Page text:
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Definition: Tears drain into little openings (puncta) in the inner corners of the eyelids. From there, the tears travel through little tube-like structures (canaliculi) to the lacrimal sac. The nasolacrimal ducts then take the tears from the lacrimal sac to the nose. That's why people need to blow their nose when they cry a lot. Dacryocystitis is usually caused by a blockage of the nasolacrimal duct, which allows fluid to drain into the nasal passages. When the lacrimal sac does not drain, bacteria can grow in the trapped fluid. This condition is most common in infants and people over 40 years old. Dacryocystitis is an infection of the lacrimal sac. In infants, it results from congenital atresia of the nasolacrimal duct. In adults, it results from an obstruction (dacryostenosis) of the nasolacrimal duct (most often in women over age 40 years). Dacryocystitis can be acute or chronic. Signs and Symptoms: y constant tearing ± hallmark sign of both acute and chronic dacryocystitis Acute 1. Pain, swelling, redness, and tenderness over the tear sac 2. Pus may be present



Topical and oral antibiotics may be prescribed if an infection is present. gentle massage of the lacrimal sac four times daily for up to nine months can drain the sac and sometimes clear a blockage. The type of antibiotic and treatment may depend on which bacteria is present. Tearing 2. As mentioned. the lacrimal sac will be removed completely. Tell the adult patient what to expect after surgery: He'll have ice compresses over the surgical site and will have bruising and swelling. If the duct does not open. In the acute form. it may need to be dilated with a minor surgical procedure. Apply warm compress for pain 3. swelling. In some cases. In extreme cases. Check the patient history for possible allergy to antibiotics before administration. pain. the duct may open by itself.1. y y y Nursing Management: 1. A sample of the pus may be collected on a swab or in a tube for laboratory analysis. the WBC count is usually normal. To identify the exact location of the blockage. an x ray can be taken after a dye is injected into the duct in a procedure called dacryocystography. the symptoms can range from watery eyes. As the infant grows. surgery (dacryocystorhinostomy) to drain the lacrimal sac into the nasal cavity can be performed. If other treatments fail to clear up the symptoms. Promote good hygiene to prevent infection 2. a tiny tube (cannula) is inserted into the tear duct which is then flushed with a sterile salt water solution (sterile saline). Treatment: y y y y A warm compress applied to the area can help relieve pain and promote drainage. a blood test may reveal an elevated white blood cell (WBC) count. Intravenous antibiotics may be needed if the infection is severe. Mucus or pus present in tear sac Diagnosis: Dacryocystitis usually occurs in only one eye. In infants. 4. and redness to a discharge of pus when pressure is applied to the area between the bridge of the nose and the inner eyelids. . with a chronic infection. Emphasize the importance of precise compliance with the prescribed antibiotic regimen.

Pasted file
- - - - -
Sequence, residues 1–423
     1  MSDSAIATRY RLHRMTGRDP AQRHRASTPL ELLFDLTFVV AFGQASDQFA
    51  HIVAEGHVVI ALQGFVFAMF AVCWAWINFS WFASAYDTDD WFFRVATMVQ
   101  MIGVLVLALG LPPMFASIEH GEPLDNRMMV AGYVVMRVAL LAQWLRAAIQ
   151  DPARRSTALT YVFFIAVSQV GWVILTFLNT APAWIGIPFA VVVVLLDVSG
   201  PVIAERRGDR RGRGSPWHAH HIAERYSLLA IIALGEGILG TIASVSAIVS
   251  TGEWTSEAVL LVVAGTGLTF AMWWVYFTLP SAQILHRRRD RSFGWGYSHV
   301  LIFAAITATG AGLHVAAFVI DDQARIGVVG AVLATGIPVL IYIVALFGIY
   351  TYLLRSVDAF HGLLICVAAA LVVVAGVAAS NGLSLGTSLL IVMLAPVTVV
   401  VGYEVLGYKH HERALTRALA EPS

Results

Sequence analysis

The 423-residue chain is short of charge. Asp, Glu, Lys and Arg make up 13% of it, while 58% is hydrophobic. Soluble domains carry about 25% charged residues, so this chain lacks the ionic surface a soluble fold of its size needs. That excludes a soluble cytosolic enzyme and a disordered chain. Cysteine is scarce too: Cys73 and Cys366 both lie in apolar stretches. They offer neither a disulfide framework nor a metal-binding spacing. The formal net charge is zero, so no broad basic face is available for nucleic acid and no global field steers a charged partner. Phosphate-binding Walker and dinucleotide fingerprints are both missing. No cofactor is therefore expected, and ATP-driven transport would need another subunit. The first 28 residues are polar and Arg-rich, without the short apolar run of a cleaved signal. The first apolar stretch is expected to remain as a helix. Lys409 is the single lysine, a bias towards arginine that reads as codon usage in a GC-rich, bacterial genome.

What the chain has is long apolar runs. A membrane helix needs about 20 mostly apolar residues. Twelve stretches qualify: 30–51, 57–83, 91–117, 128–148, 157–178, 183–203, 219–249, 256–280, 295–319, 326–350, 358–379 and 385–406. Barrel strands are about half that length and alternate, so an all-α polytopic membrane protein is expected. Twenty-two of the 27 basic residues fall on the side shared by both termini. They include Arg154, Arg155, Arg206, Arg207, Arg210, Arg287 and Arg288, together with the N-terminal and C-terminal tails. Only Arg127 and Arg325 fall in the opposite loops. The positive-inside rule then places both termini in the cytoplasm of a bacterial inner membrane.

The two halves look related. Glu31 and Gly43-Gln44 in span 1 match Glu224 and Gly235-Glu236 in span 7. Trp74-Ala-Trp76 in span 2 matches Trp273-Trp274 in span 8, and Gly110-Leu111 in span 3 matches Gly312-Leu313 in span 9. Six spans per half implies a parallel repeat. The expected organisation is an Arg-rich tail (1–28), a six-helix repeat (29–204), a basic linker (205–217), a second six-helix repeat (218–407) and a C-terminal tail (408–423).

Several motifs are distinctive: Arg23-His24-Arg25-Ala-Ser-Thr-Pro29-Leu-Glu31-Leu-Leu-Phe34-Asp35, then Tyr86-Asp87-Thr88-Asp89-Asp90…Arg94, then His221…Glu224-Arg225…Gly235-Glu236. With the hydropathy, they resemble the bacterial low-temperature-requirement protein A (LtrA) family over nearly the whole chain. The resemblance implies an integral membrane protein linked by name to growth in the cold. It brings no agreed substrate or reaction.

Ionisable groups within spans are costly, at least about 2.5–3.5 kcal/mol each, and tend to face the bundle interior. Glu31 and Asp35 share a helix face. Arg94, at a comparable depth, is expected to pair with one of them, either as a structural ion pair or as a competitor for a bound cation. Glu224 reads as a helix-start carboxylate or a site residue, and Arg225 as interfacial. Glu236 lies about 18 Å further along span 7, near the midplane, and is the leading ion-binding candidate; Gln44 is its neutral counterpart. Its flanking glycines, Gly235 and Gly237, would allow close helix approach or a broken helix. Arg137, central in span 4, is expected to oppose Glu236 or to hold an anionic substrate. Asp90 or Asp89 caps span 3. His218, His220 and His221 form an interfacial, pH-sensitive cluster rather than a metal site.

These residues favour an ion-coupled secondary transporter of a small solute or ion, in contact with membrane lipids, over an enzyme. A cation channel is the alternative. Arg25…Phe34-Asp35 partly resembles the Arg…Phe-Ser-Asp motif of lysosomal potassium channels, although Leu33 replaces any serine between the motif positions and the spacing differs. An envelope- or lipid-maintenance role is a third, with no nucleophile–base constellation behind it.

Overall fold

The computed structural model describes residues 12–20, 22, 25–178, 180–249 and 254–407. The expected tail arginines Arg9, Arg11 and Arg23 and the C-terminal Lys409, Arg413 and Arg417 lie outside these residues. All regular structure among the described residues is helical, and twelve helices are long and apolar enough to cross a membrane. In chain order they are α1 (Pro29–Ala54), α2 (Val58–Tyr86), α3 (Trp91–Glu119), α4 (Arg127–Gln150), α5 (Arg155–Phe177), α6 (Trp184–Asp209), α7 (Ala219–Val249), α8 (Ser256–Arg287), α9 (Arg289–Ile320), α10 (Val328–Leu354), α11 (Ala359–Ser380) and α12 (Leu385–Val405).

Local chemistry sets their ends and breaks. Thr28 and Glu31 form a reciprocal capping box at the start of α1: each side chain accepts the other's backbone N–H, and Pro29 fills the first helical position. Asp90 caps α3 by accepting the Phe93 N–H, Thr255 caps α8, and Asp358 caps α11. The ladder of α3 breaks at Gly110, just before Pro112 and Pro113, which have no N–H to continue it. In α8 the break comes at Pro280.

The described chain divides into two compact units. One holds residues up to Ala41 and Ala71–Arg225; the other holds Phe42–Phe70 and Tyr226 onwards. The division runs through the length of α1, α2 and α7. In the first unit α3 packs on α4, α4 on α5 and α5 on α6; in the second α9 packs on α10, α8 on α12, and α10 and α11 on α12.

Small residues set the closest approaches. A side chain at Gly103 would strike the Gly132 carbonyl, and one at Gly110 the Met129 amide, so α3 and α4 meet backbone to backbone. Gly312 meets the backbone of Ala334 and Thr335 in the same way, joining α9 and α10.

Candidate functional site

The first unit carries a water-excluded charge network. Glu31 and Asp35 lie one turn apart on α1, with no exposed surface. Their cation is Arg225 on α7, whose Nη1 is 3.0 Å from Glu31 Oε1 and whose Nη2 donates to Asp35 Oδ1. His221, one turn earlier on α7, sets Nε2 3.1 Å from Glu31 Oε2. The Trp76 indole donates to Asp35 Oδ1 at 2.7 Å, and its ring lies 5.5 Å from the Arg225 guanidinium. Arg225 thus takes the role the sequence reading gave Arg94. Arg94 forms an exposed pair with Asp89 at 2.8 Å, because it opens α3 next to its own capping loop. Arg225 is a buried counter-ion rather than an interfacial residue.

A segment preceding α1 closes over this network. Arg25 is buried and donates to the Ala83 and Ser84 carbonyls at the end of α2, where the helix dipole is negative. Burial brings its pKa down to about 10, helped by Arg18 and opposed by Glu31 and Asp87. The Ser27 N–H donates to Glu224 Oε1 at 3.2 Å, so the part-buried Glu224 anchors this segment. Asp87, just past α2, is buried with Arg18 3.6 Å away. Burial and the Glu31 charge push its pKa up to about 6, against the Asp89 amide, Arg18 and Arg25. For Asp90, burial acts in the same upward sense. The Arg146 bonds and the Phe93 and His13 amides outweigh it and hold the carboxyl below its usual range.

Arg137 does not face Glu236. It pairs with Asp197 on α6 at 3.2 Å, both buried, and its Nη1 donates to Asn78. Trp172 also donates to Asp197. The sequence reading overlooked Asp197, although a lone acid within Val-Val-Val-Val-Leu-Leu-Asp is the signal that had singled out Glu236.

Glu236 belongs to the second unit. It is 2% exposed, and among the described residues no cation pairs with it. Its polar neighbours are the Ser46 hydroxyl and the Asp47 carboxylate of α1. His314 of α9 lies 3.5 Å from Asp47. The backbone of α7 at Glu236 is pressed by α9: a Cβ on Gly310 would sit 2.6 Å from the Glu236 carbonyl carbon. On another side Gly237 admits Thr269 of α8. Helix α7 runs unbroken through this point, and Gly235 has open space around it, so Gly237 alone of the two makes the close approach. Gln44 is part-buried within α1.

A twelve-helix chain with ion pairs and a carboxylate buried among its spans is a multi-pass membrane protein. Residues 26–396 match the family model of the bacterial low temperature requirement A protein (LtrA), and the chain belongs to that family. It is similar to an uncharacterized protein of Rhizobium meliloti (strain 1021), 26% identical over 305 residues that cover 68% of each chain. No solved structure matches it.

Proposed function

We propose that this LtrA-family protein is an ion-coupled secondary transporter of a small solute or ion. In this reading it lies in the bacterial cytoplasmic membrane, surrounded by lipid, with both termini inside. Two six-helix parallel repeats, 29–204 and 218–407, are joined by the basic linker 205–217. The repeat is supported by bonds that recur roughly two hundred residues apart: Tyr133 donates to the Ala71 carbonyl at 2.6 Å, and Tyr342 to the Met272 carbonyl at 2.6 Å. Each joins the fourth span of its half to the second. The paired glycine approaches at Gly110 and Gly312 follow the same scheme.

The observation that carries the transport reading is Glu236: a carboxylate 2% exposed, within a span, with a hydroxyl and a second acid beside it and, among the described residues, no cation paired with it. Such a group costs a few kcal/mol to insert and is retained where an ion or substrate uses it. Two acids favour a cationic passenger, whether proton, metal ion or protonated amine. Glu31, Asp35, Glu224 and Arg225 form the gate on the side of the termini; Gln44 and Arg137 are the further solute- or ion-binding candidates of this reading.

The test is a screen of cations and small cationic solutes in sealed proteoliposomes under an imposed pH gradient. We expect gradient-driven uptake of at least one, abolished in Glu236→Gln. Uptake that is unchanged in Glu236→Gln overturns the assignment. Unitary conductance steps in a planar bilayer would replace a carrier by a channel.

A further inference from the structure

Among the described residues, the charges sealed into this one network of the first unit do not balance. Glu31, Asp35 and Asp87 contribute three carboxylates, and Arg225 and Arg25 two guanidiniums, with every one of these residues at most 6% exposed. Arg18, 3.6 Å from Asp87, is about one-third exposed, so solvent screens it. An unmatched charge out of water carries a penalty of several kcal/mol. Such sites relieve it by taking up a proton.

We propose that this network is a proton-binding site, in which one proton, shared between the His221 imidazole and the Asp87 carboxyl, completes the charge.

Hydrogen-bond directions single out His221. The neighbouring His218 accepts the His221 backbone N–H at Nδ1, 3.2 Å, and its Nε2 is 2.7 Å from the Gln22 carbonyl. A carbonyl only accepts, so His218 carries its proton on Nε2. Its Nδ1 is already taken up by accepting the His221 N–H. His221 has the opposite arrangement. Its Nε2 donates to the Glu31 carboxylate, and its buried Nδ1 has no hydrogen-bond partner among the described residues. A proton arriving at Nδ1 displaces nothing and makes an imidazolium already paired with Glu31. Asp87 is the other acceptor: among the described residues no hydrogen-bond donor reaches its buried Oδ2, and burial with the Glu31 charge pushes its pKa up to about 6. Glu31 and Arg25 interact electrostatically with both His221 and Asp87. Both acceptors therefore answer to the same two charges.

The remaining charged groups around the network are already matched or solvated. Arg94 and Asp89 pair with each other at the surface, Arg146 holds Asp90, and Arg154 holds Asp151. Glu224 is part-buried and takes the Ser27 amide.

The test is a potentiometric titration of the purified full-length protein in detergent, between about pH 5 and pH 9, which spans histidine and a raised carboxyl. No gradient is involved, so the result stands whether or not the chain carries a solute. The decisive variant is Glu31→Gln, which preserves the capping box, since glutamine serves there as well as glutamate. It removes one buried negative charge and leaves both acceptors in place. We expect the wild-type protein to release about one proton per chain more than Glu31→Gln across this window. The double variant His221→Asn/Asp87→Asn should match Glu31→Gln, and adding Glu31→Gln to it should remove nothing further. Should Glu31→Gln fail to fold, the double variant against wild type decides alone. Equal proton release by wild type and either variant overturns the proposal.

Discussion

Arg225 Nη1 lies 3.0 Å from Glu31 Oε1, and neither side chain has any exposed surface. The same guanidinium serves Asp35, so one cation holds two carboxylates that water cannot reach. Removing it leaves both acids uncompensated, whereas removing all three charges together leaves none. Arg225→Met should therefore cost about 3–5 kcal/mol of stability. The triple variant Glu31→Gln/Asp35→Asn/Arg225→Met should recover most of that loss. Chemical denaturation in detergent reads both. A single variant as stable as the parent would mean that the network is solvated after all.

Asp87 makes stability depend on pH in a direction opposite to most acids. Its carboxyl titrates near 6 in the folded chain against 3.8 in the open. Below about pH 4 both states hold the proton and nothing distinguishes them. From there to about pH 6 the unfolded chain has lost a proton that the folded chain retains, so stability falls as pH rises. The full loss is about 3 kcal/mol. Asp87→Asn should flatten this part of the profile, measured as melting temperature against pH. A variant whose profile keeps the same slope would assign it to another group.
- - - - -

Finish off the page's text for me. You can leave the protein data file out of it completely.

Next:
pain. Apply ice compresses postoperatively. 6. swelling. redness.5. A small adhesive bandage may be placed over the suture line to protect it from damage. Pathophysiology: Etiology: obstruction secondary to mucocele of the lacrimal sac Precipitating factors: chronic blockage of the interosseous or intermembranous nasolacrimal duct nasolacrimal duct obstruction chronic mucosal degeneration Ductile stenosis stagnation of tears bacterial overgrowth that leads to infection Lacrimal sac obstruction Accumulation of fluid in lacrimal sac s/sx: constant tearing. fever. enlarged tear sac . Monitor blood loss by counting dressings used to collect the blood.